Remediation of Petroleum Spills Amount to Continuation of Nonconforming Use
February 19, 2019
In Matter of HV Donuts, LLC v. Town of LaGrange Zoning Board of Appeals, the Second Department recently held that a property owner’s nonconforming use rights continue despite a temporary business interruption caused by a fuel truck accident and gasoline spill.
The property owner, Leemilt’s Petroleum, Inc. (the “Owner”), leased the subject property (the “Premises”) to a tenant who operated a gas station and a convenience store at the Premises. Both the gas station and the convenience store were legal nonconforming uses under the Town’s zoning regulations.
Under Section 240-29 of the Code of the Town of LaGrange (hereinafter the “Code”), a “nonconforming use . . . is one which existed lawfully” prior to the date that the Code or an amendment to the Code was enacted, which results in the failure of that prior use to conform to the Code (see Code § 240-29[B]). However, in order for such use to maintain its status as a nonconforming use, it must not be discontinued. The Code provides that a nonconforming use is deemed discontinued when “the nonconformity has ceased for a period of one year or more” (see Code § 240-29[F]).
The case arose out of an accident in June 2013, when a fuel delivery tanker hit a light pole, spilling approximately 3,000 gallons of gasoline on the Premises. This forced the gas station and the convenience store to temporarily cease business operations and begin remedial efforts. After the Owner completed the restoration work in October 2014, a leak was discovered in the gasoline pump system piping when it was tested in anticipation of reopening. This required additional remediation and further delayed the reopening.
Eventually, the Owner completed this additional work and thereafter sought approval from the Town’s building inspector to reopen the gas station. The Owner also applied for a building permit from the Town’s building inspector “to upgrade the convenience store building, which had not been damaged by the spill and remediation efforts.” Section 240-29(E) of the Code permits the “re-establishment of nonconforming uses after casualties,” under certain time conditions. Section 240-29(E) of the Code provides the following:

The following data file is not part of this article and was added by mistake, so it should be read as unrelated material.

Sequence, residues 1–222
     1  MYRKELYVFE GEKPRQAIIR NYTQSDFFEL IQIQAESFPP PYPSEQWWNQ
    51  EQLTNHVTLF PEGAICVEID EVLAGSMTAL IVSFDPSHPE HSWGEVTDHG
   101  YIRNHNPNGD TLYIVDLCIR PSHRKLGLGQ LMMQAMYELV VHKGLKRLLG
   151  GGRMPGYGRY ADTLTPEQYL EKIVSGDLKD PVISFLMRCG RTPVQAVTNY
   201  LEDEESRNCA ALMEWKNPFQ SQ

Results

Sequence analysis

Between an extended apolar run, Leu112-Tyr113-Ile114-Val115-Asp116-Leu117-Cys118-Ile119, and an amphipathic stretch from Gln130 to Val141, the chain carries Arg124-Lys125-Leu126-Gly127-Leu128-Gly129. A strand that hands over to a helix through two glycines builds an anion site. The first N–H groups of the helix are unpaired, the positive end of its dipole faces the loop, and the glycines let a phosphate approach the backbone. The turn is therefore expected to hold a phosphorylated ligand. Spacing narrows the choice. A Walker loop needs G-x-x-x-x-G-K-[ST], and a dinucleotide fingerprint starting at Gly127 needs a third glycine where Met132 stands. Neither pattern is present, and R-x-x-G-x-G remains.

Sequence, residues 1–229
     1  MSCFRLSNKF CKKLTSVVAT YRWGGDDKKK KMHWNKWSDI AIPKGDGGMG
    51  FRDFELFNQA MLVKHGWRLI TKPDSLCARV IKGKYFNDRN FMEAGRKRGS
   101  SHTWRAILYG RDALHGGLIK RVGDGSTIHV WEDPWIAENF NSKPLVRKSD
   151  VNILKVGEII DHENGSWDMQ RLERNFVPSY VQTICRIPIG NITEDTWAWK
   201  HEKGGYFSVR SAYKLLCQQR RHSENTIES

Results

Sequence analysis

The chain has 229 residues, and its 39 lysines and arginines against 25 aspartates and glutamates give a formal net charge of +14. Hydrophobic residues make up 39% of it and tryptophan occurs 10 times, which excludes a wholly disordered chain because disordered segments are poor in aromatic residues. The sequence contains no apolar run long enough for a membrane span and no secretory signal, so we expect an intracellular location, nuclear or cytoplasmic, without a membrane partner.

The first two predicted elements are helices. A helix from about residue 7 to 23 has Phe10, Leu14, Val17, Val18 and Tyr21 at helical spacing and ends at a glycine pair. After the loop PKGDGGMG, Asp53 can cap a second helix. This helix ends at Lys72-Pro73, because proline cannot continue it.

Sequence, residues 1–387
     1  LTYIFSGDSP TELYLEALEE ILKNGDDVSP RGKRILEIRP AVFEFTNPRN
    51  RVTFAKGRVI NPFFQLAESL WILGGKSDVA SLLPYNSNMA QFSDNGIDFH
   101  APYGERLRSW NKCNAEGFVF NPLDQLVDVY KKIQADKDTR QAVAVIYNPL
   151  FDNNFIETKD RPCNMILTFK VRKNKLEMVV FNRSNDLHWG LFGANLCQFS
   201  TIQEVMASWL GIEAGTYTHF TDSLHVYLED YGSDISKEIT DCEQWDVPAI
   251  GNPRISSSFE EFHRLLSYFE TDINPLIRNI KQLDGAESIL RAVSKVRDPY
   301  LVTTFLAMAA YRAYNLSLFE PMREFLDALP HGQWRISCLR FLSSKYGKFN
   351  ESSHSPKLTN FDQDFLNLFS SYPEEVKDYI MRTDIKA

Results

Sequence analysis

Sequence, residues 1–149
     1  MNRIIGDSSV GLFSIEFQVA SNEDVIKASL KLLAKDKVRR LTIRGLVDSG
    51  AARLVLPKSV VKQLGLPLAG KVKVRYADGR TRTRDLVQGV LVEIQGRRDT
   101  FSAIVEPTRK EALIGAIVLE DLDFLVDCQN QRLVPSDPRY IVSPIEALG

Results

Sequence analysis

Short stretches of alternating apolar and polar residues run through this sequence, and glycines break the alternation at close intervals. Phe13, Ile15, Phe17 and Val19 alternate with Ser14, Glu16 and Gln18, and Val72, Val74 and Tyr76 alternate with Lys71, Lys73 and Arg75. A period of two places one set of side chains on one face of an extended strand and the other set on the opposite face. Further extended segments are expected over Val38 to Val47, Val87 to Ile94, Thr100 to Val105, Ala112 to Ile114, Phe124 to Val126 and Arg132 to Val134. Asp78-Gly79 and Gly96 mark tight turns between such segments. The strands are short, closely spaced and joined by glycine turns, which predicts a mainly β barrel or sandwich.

“If any nonconforming building or structure or any building or structure containing a nonconforming use shall be damaged or destroyed by fire or other casualty, such building or structure . . . may be restored and any such nonconforming use resumed to the extent that such building, structure or use existed at the time of the casualty, provided that a building permit for such restoration is obtained within a period of one year from such casualty and is diligently prosecuted to completion.”
Pursuant to that provision, the building inspector granted the Owner’s request, giving it one year from September 22, 2015—the date of the building inspector’s determination—to re-establish its nonconforming use.
A Dunkin Donuts franchise (the “Petitioner”) located across the street from the Premises appealed the building inspector’s determination to the Town’s Zoning Board of Appeals (the “ZBA”). The Petitioner contended that the nonconforming use had been lost and could not be re-established, citing Sections 240-29(E) and (F) of the Code.
The ZBA determined that “there was ‘more to maintaining a gasoline filling station than pumping gas,’” and that the “remediation of the petroleum spills amounted to a continuation of the nonconforming use.” Thus, there was no “discontinuation” within the meaning of Code Section 240-29(F)(4). Furthermore, the ZBA concluded that the building permit requirement of Code Section 240-29(E) did not apply to the convenience store because neither casualty affected the convenience store.
Ultimately, the Supreme Court rejected the Petitioner’s Article 78 challenge, holding that the ZBA’s determinations were rationally based and entitled to deference. The Second Department affirmed. Therefore, under HV Donuts, a nonconforming use may not be lost by remedial and restoration activities that temporarily shut down site operations, provided these activities are diligently pursued and completed.